Growing up, Roya Marsh was considered “tomboy passing.” With an affinity for baggy clothes, cornrows, and bandannas, she came of age in an era when the wide spectrum of gender and sexuality was rarely acknowledged or discussed. She knew she was “different,” her family knew she was “different,” but anything outside of heteronorm was either disregarded or disparaged. In this stunning debut, written to protest an absence of representation, Marsh recalls her early life and the attendant torments of a queer Black woman coming of age in America:
I’ve been baptized twice / Washed over / Still gay / No choice / No Christian / No cure / Girl / No daddy / Daughter / No dresses / Jamaican / No accent / Girlfriend / No boyfriend / Won’t tell a lie / But I’m always swallowing truth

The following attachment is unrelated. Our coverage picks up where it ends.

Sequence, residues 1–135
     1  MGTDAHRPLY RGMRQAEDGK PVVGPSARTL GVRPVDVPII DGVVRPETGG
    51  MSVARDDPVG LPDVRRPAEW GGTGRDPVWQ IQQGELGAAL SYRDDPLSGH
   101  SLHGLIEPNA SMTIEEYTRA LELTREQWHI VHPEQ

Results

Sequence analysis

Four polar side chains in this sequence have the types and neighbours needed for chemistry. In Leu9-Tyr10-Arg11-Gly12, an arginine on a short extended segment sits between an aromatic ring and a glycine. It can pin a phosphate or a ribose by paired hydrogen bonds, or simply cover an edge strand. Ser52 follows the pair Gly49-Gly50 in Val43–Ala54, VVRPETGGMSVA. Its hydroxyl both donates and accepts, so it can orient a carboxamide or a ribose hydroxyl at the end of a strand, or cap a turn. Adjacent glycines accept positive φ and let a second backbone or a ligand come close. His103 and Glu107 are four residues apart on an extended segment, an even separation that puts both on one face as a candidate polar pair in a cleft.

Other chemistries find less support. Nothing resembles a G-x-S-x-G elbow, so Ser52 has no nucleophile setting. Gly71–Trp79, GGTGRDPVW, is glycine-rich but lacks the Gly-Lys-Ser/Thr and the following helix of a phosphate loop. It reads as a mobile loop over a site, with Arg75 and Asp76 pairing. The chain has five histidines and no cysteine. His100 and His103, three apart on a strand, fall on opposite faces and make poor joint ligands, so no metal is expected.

— From “in broad daylight black bipolar girls look grimey”
In lush, powerful, and vulnerable verses, dayliGht unpacks traumas to unearth truths, revealing a deep well of resilience, a cutting sense of irony, and an astonishing fresh talent. A dazzling debut from a necessary new voice, Marsh’s dayliGht is at once a clarion call for Black femme voices and a corrective to broken notions of sexuality and race.